Universe Images Captured By Subaru Telescope Released To The Public

The enormous trove of data obtained by Subaru Telescope’s largest digital camera has been released for the first time to the public. It is expected that the data will be of high value for researchers and general public and will become a powerful tool for exploring universe.

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The first dataset from the Hyper Suprime-Cam Subaru Strategic Program (HSC-SSP) contains amazing images of universe taken by HSC. It is an optical imaging camera mounted on the Subaru Telescope, which has been a part of extensive survey program since 2014. The giant digital camera has extremely wide field of view and it provides an unprecedented view into the universe.

“Since 2014, we have been observing the sky with HSC, which can capture a wide-field image with high resolution," said Dr. Satoshi Miyazaki, the leader of the HSC-SSP. "We believe the data release will lead to many exciting astronomical results, from exploring the nature of dark matter and dark energy, as well as asteroids in our own solar system objects and galaxies in the early universe. SSP team members are now preparing a number of scientific papers based on these data. We plan to publish them in a special issue of the Publications of Astronomical Society of Japan. Moreover, we hope that interested members of the public will also access the data and enjoy the real universe imaged by the Subaru telescope, one of the largest the world."

The dataset includes first 1.7 years of observations and contains almost 100 million stars and galaxies. Some of them are most distant galaxies in the Universe. So far, the data comprises 80 terabytes, which is comparable to about 10 million images taken by a general digital camera.

The dataset can be easily viewed on PC or tablet. All you need is a HSC Viewer, which is the user-friendly website to display the HSC-SSP data. The site allows user to see various galaxies in different shapes, colors and sizes.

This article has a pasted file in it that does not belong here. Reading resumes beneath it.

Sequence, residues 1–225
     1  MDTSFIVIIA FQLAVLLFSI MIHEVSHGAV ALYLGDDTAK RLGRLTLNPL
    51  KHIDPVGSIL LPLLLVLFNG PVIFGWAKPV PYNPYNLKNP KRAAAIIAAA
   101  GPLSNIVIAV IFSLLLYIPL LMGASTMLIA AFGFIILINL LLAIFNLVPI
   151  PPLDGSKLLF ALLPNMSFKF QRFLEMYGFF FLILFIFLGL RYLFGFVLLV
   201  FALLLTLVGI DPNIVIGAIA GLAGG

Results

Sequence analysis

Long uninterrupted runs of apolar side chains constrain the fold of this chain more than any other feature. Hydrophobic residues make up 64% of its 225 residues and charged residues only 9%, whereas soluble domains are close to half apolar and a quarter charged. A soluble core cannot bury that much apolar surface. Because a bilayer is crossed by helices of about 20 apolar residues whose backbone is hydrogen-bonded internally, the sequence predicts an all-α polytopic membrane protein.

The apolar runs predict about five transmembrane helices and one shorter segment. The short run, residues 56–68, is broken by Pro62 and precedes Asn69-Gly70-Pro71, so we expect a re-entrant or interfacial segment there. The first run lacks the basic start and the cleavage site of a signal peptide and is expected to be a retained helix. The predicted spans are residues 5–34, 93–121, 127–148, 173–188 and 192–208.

“The Subaru telescope allows us to examine very faint objects in the Universe over a wide area of the sky. As for our Milky Way Galaxy, we can look over distant, faint stars reaching up to the edge of the Galaxy, and thereby investigate the processes of its formation,” said Masahiro Takada, who serves as a co-chair of the HSC-SSP Science Working Group.

“We were able to catalog almost 100 million galaxies that exist across the distant Universe, which have been -- with time -- changing from the decelerating expansion phase to the accelerating phase (this happened about 7 billion years ago). That data allows for a detailed study of the history of the Universe with the aim of shedding light on such topics as the origin of galaxies as well as the nature of dark matter and dark energy."

After 2020, researchers are aiming to take more detailed images of celestial objects by using the Prime Focus Spectrograph (PFS), which is currently under construction. HSC-SSP is led by the astronomical communities of Japan and Taiwan and United States.

Source : https://www.i4u.com/2018/03/127431/universe-images-captured-subaru-telescope-released-public

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